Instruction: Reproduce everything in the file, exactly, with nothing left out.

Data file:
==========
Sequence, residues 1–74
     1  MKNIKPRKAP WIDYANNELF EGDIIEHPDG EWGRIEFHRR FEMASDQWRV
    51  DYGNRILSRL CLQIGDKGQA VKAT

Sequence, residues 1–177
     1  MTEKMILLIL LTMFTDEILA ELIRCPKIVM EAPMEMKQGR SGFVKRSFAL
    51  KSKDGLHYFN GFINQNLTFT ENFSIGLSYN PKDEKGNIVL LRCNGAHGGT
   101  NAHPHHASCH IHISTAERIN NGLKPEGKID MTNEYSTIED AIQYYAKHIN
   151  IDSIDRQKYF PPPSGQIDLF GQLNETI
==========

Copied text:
Sequence, residues 1–74
     1  MKNIKPRKAP WIDYANNELF EGDIIEHPDG EWGRIEFHRR FEMASDQWRV
    51  DYGNRILSRL CLQIGDKGQA VKAT

Sequence, residues 1–177
     1  MTEKMILLIL LTMFTDEILA ELIRCPKIVM EAPMEMKQGR SGFVKRSFAL
    51  KSKDGLHYFN GFINQNLTFT ENFSIGLSYN PKDEKGNIVL LRCNGAHGGT
   101  NAHPHHASCH IHISTAERIN NGLKPEGKID MTNEYSTIED AIQYYAKHIN
   151  IDSIDRQKYF PPPSGQIDLF GQLNETI